The indictment consists of two counts. The first count alleged that plaintiff in error Regan, Cohn, and Myers conspired with each other and other persons whose names are "all unknown," to cheat and defraud the State of Illinois of money, personal goods, and property. The second count alleged that they conspired to obtain by false pretenses the counter-signature of the acting Treasurer of the State to certain auditor's warrants for the payment of money. Cohn was granted a severance. Trial by the court without a jury resulted in a finding of not guilty as to Myers. Plaintiff in error Regan was found guilty, sentenced to the penitentiary, and fined. Cohn having been granted a severance was later tried and found not guilty. After Cohn was acquitted, plaintiff in error filed a petition praying that the judgment and conviction against him be vacated, or, in the alternative, a new trial be granted him, on the ground that the acquittal of Cohn and Myers left plaintiff in error as a lone conspirator in the case, and that none of the unknown persons alleged in the indictment was identified or named at the trial of this case.

The common-law record shows that plaintiff in error was found guilty under count 1. The transcript of the proceedings shows that the trial judge found plaintiff in error guilty under the second count.

Plaintiff in error contends that there was a fatal variance between the judgment of the court as shown in the transcript of the proceedings and the judgment according to the common-law record. The record shows that the State's Attorney filed a supplemental record consisting of a motion to correct the transcript of the proceedings, and an affidavit of the official court reporter in support of the motion certifying that the true and correct transcript of the proceedings read, "As to Count 2, I find the defendant John D. Regan not guilty." "As to Count 1, I find the defendant John D. Regan guilty as charged in the indictment. . . ." The trial judge entered a nunc pro tunc order based solely on the affidavit of the court reporter, for the purpose of correcting the transcript of the proceedings.

[1-4] The law is well settled that amendments to the record should not be allowed after the close of the term of court at which the judgment was entered unless there were some memoranda, minutes, or note of the judge, or something appearing on the record or in the files to amend by. (People v. Anthony, 129 Ill. 218.) An amendment to a bill of exceptions after term cannot be made when based only on the judge's recollection or on ex parte affidavits or testimony. (Quigley v. Quigley, 268 Ill. App. 130.) To the same effect see Gould v. Gould, 340 Ill. App. 638. Under the authorities last cited we shall disregard the supplemental record. The verdict of guilty on the first count was equivalent to a verdict of not guilty on the second count. (People v. Weil, 243 Ill. 208.)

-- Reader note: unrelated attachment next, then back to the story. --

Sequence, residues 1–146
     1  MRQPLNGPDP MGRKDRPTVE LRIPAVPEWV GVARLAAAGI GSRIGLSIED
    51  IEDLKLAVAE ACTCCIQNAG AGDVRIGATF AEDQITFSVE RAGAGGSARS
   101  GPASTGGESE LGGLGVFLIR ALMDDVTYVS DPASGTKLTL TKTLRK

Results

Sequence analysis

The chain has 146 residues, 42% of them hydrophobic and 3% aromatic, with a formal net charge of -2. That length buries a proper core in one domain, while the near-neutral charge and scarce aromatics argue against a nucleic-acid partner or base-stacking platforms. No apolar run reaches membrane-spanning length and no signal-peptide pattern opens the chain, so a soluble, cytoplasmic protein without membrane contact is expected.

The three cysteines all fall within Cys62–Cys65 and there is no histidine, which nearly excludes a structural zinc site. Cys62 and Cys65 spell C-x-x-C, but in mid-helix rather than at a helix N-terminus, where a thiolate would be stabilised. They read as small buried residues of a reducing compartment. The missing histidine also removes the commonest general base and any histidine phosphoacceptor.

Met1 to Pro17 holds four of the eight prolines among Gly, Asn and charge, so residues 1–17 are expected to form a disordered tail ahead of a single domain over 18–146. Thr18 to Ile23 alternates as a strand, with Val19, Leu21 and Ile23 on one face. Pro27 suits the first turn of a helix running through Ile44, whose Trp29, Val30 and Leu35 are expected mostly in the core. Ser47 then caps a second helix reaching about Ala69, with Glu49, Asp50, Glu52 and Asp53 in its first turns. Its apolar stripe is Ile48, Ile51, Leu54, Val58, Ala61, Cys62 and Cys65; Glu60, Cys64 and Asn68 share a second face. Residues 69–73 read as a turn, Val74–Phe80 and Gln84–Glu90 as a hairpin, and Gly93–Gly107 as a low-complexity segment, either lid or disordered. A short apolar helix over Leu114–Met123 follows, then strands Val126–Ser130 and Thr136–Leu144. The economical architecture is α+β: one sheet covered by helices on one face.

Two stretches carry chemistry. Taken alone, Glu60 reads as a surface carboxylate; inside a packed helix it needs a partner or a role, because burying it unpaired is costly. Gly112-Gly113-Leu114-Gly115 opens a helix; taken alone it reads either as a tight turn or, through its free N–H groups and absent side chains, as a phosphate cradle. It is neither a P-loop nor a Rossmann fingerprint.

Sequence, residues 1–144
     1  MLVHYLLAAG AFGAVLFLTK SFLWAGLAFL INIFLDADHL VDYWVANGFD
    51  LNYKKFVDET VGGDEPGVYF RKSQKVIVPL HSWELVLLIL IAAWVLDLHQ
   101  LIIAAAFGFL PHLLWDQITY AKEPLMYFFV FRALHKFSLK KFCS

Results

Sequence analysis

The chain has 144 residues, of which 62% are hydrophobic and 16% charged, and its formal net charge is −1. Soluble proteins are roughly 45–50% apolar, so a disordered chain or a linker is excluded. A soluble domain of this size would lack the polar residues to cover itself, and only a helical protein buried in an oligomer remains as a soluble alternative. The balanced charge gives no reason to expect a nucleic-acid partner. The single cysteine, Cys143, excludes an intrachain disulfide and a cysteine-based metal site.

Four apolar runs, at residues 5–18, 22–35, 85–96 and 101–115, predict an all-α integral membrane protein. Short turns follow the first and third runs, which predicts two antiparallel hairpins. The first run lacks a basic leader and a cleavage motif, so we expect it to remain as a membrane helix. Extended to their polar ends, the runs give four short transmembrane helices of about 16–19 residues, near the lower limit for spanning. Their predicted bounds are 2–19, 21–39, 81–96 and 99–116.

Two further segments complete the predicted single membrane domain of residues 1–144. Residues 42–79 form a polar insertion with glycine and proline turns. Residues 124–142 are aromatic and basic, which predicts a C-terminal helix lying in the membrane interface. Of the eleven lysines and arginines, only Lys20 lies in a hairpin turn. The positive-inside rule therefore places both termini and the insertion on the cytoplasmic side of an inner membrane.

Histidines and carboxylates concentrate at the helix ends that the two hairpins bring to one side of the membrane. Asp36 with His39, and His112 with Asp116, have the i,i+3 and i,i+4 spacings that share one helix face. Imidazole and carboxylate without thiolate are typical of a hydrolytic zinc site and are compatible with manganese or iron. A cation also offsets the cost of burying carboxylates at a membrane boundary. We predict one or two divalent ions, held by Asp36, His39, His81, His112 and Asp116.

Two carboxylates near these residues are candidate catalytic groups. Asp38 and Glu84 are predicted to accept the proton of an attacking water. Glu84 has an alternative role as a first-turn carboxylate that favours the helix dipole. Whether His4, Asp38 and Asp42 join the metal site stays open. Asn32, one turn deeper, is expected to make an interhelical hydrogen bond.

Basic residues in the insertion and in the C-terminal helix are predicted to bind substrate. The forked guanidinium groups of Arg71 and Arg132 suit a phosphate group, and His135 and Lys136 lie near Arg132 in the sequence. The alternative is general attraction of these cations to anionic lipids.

In order to sustain a conviction for a conspiracy there must be more than one person shown to be guilty. (People v. Bryant, 409 Ill. 467; People v. LaBow, 282 Ill. 227.)

The State insists that one person may be found guilty under an indictment charging him with having conspired with persons "unknown to the grand jury." In support of its position it relies on People v. Estep, 346 Ill. App. 132, and the recent case of People v. Martin, 350 Ill. App. 196, 112 N.E.2d 526.

The evidence shows that Myers, who operated his own truck, transported the bodies of all the pensioners from the Morgue; that when he called at the Morgue he drove his truck up to the platform and a morgue attendant placed each of the bodies in the truck. At the time Myers received the bodies he had no conversation with the morgue attendant nor did he have a requisition of any kind, oral or written. There was also evidence that an unidentified person telephoned the Myers home to call for the bodies at the Morgue. There is no evidence tending to identify the person who delivered the bodies to Myers at the Morgue or made the telephone call to the Myers home to call for the bodies.

[6-9] From a reading of the statute it is clear that the legislature intended to provide every recipient of old age pension a funeral and burial in keeping with the dignity of a human being. We think the evidence is sufficient to warrant a finding that plaintiff in error was engaged in a nefarious scheme to frustrate the legislative intention but proof of the essential elements of a conspiracy is lacking. We are of the opinion that the evidence is not sufficient to support a finding that plaintiff in error conspired with "unknown" persons as charged in the indictment. It may well be that the prosecution might produce additional or more satisfactory evidence of the "unknown" persons on another trial. See People v. Martin, 380 Ill. 328.

The judgment is therefore reversed and the cause remanded for a new trial.

Reversed and remanded for new trial.

FEINBERG, P.J. and KILEY, J., concur.

19531007